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Interpretive architecture is misunderstood


How familiar it is to see the issue of narrative environments entirely overlooked through the process of architectural critique. The review of FOA's Spanish Pavilion at the Japanese Expo (AJ 28.4.05) merely continues the misconception that World Expositions are simply about the wrappers, even complaining that sustainable needs (recyclable sheds) enforce mere clip-on solutions. We are told in consequence that expos are dead and buried. While I may well agree with this proposition, I despair that the expo phenomenon is primarily perceived as 'unmissable showcases that exhibit emerging architectural tendencies'. All too often the importance of any intellectual narrative within the pavilions is sidelined. It is rarely of any consequence that spectacular structures contain dull, unimaginative exhibits and media.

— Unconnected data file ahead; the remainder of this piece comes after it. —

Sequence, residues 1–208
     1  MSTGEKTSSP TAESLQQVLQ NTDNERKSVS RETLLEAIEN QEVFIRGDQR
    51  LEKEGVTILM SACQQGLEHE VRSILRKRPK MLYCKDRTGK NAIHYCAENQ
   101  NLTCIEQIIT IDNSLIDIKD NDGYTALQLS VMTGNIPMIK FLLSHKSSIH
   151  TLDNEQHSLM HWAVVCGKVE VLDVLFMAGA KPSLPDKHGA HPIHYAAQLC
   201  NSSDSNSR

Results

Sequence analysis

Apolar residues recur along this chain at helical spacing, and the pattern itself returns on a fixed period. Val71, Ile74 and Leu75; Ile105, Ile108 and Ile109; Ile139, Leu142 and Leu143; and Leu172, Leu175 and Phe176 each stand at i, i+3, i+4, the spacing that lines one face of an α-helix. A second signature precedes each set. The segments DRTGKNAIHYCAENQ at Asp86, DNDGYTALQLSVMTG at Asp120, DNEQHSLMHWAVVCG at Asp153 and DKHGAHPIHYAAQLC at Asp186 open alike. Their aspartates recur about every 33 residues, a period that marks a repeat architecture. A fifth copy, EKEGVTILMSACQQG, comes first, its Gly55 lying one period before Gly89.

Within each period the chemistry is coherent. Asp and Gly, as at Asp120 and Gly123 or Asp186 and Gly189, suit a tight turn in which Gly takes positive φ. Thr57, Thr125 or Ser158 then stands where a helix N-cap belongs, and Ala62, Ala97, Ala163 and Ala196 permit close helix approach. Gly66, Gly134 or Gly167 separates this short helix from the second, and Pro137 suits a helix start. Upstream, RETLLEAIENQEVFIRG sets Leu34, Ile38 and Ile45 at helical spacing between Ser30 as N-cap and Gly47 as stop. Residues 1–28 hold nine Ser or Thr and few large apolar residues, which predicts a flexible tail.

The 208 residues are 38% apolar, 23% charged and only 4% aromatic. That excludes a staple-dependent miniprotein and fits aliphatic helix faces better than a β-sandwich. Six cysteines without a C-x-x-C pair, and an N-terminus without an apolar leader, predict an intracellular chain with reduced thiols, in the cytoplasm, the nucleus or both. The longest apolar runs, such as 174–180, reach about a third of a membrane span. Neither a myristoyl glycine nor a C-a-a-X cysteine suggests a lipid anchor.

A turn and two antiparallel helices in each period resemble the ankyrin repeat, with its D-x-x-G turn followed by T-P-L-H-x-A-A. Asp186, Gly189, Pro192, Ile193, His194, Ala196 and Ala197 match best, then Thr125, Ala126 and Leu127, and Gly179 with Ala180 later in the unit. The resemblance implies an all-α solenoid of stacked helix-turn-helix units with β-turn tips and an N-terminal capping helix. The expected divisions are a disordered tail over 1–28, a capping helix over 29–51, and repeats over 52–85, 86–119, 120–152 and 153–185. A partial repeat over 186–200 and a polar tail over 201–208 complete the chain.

Our concept for the UK pavilion will attract no reviews as it has spent its modest budget on art, ecology and communication media, as a direct response to the organiser's theme. The tin shed is left intentionally untouched, with the ultimate objective of encouraging visitors to value the contribution of the natural world in the development of science and technology. A book and website (my-earth. continue the communication process even beyond the site.

Indeed, the failure to understand the importance and complexity of 'interpretive architecture' stares us in the face here in the UK, where generous lottery funding in the cultural sector sometimes delivers landmark buildings that have no sympathy with internal functionality, visitor experience or financial sustainability.

Peter Higgins, Land Design Studio, Kew

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